Tell friends that you're joining an MLM and "Is it a pyramid scheme?" is probably the first thing they'll ask. "There's no one law that defines what a pyramid scheme is," says attorney Douglas Brooks. But the key distinction between a legit MLM and an illegal pyramid scheme is the emphasis on retail sales, according to the Federal Trade Commission (FTC): "If the money you make [from an MLM business] is based on your sales to the public, it may be a legitimate multilevel marketing plan. If the money you make is based on the number of people you recruit and your sales to them, it's not. It's a pyramid scheme."
But it can be tricky to evaluate the role of retail sales before you join. "One common misconception is that an MLM can't be a pyramid scheme as long as it offers a product that really works the way it's advertised," says Dr. William W. Keep. In fact, the FTC has found several companies to be pyramid schemes even though they offered products on the retail market. "The key is that a pyramid scheme makes most of its money when people in the distribution network buy those products and/or pay various fees associated with membership," says Dr. Keep. "The scheme is funded by sustaining ongoing recruitment, with little or no regard to retail product sales."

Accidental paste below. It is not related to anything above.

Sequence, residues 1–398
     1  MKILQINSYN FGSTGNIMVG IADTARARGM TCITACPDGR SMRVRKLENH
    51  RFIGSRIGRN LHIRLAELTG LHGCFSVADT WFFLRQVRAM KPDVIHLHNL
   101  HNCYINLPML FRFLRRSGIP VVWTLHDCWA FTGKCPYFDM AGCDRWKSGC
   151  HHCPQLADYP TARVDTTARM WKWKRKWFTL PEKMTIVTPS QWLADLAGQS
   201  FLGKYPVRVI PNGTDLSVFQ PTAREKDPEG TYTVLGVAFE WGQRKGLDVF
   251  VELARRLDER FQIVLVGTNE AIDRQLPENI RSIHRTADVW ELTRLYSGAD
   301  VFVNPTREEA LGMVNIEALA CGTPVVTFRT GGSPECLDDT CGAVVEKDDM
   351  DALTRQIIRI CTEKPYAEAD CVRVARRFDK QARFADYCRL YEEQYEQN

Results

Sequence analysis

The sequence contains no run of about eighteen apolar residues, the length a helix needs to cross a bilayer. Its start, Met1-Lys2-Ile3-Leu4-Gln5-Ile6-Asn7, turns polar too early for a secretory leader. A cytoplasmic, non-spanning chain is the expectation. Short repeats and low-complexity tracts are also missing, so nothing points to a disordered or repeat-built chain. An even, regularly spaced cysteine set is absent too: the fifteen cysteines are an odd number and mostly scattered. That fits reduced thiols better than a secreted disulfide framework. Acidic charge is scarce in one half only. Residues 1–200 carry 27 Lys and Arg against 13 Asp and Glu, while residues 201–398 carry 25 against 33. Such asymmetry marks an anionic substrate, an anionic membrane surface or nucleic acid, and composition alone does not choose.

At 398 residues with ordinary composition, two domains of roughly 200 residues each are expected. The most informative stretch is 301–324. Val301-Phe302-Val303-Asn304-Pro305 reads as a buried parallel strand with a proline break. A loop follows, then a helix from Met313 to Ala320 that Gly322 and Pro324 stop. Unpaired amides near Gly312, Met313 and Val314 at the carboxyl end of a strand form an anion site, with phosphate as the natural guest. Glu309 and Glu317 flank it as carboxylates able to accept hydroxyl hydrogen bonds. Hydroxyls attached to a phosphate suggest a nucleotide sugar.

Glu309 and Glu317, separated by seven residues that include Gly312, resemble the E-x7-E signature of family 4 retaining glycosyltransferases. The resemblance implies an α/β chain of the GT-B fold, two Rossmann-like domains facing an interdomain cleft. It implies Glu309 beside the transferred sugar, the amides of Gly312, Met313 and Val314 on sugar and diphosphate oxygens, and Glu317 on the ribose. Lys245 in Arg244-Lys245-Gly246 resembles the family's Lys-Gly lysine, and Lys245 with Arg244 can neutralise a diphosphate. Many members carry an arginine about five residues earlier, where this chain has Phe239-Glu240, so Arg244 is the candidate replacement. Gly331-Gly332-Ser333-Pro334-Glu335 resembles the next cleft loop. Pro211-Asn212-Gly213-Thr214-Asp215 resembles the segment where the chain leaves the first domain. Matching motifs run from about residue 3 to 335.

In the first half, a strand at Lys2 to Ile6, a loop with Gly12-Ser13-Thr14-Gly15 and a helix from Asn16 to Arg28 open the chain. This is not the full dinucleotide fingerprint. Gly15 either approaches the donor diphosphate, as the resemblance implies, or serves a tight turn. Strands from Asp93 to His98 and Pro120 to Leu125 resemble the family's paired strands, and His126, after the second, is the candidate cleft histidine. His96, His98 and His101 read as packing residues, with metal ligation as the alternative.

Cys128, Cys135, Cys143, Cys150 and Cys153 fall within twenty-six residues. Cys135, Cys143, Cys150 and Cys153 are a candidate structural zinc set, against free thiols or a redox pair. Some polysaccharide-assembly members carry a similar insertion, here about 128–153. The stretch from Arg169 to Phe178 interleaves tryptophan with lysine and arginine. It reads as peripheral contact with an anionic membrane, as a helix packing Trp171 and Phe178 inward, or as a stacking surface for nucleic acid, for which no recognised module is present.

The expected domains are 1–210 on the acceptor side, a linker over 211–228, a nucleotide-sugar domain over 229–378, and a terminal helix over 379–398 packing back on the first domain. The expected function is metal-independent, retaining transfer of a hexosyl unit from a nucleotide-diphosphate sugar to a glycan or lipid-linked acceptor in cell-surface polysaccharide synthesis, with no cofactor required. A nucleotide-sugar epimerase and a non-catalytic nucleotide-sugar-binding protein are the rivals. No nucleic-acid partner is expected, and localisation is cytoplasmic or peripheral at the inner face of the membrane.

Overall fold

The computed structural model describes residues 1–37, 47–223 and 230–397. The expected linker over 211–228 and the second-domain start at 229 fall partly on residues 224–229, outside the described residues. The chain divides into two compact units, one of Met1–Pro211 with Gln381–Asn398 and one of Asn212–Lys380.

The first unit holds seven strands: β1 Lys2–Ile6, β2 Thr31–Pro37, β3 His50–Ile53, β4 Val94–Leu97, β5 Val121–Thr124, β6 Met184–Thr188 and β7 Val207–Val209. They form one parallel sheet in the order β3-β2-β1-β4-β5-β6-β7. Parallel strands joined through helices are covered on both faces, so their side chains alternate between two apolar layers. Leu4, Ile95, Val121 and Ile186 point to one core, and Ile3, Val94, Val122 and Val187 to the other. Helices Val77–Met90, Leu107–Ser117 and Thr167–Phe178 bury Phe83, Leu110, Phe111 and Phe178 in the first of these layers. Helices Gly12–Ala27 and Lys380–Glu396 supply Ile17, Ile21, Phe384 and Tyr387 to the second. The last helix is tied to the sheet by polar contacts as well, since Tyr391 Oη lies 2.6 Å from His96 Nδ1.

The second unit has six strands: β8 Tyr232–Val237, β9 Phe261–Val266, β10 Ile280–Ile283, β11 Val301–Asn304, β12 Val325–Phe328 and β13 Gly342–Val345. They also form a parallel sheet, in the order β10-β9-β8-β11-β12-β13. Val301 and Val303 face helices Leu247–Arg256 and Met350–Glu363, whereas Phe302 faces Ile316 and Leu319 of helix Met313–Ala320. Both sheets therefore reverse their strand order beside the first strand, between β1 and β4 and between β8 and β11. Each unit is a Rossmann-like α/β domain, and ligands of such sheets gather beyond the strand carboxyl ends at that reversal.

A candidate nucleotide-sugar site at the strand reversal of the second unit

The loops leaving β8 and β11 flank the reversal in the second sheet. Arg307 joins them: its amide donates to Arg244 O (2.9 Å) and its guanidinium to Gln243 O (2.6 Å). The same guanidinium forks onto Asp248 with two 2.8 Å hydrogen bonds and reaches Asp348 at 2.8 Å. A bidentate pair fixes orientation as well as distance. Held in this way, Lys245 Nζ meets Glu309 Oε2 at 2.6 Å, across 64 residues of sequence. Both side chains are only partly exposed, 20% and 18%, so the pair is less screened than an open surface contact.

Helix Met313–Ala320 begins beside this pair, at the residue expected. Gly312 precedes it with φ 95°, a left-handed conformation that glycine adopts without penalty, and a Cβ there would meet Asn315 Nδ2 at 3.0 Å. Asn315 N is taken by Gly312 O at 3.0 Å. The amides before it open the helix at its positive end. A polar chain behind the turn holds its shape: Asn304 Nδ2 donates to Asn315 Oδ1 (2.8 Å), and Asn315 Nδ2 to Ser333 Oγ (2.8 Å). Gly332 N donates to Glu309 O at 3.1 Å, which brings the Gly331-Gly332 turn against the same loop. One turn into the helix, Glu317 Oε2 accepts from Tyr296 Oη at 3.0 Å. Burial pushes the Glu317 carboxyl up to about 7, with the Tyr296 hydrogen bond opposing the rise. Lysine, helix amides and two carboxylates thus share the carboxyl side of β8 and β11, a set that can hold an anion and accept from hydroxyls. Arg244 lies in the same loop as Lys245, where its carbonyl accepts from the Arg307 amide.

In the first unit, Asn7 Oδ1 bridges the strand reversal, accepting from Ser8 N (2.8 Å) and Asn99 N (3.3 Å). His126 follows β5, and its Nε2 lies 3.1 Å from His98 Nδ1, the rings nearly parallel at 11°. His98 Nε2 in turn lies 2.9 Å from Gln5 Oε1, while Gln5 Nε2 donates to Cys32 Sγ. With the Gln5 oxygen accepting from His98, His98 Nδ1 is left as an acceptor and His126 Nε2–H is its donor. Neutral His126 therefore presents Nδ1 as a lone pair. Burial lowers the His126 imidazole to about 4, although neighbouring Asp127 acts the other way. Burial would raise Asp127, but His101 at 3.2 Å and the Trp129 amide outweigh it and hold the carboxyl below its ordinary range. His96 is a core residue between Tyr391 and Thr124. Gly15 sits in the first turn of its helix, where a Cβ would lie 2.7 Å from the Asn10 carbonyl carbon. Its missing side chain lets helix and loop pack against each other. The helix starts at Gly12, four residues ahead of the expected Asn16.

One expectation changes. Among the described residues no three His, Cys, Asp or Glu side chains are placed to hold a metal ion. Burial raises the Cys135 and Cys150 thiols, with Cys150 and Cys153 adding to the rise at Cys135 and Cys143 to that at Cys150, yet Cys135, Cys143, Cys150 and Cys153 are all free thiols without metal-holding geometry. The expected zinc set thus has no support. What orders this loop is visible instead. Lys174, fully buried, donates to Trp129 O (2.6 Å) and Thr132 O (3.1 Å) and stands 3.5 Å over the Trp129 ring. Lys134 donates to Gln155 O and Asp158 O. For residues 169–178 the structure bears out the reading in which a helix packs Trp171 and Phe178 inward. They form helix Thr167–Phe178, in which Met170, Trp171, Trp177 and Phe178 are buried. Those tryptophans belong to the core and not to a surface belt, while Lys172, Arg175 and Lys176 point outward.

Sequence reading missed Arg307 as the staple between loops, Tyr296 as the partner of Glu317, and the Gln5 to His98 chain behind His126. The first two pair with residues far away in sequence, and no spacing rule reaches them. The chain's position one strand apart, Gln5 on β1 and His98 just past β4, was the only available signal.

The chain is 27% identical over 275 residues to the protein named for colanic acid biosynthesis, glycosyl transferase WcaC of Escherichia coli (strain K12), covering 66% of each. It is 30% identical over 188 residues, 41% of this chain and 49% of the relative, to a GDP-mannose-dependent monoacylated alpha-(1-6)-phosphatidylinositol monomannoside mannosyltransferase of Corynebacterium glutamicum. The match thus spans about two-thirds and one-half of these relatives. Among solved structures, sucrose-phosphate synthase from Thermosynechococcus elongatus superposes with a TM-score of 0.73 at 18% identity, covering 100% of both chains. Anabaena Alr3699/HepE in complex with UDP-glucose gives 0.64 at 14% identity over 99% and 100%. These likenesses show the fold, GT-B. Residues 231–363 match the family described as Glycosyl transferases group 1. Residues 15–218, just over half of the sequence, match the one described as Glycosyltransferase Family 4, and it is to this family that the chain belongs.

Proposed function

For MLMs that have crossed into pyramid schemes, products are in fact just window dressing. "There are operations out there that say they're all about selling product but then whisper on the side that all you really have to do is recruit people," says Joseph Mariano, of the Direct Selling Association. "We've worked tirelessly to make sure there's a clear distinction between us and them." Many MLMs have policies in place to emphasize the importance of retail sales and distinguish them from pyramid schemes. The most common are the "70 percent rule," where the company requires you to show that at least 70 percent of your prior month's order was sold to retail customers before you place a new inventory order and the "90 percent refund rule," where the company promises to refund you 90 percent of the purchase price on any products you can't sell. "These are good policies," says Brooks. "The problem is that nobody goes around to inspect whether a company is really following them."
Visit consumer.ftc.gov/scam-alerts to check whether a company you're considering working with/for has been investigated by the Federal Trade Commission. Consumer-rights advocate Robert FitzPatrick also tracks ongoing litigation against MLMs at PyramidSchemeAlert.org. But remember: Just because a business isn't listed in one of these places, that doesn't mean it's not a scam.